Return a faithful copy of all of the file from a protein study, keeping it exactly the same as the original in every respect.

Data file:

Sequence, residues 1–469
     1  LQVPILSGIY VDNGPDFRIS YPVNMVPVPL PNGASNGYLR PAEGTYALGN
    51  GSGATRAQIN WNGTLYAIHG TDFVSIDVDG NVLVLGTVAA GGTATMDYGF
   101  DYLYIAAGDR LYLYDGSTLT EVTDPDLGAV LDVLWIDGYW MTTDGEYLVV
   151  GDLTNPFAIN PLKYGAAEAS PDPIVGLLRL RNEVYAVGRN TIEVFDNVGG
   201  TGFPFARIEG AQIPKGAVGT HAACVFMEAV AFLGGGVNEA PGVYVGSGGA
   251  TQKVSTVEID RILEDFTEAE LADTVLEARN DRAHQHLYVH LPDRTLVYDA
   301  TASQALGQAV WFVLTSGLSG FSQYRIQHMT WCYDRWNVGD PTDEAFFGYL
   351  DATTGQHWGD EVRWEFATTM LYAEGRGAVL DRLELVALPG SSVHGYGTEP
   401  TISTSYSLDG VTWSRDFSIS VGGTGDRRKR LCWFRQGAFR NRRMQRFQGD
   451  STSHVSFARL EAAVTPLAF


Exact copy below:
Sequence, residues 1–469
     1  LQVPILSGIY VDNGPDFRIS YPVNMVPVPL PNGASNGYLR PAEGTYALGN
    51  GSGATRAQIN WNGTLYAIHG TDFVSIDVDG NVLVLGTVAA GGTATMDYGF
   101  DYLYIAAGDR LYLYDGSTLT EVTDPDLGAV LDVLWIDGYW MTTDGEYLVV
   151  GDLTNPFAIN PLKYGAAEAS PDPIVGLLRL RNEVYAVGRN TIEVFDNVGG
   201  TGFPFARIEG AQIPKGAVGT HAACVFMEAV AFLGGGVNEA PGVYVGSGGA
   251  TQKVSTVEID RILEDFTEAE LADTVLEARN DRAHQHLYVH LPDRTLVYDA
   301  TASQALGQAV WFVLTSGLSG FSQYRIQHMT WCYDRWNVGD PTDEAFFGYL
   351  DATTGQHWGD EVRWEFATTM LYAEGRGAVL DRLELVALPG SSVHGYGTEP
   401  TISTSYSLDG VTWSRDFSIS VGGTGDRRKR LCWFRQGAFR NRRMQRFQGD
   451  STSHVSFARL EAAVTPLAF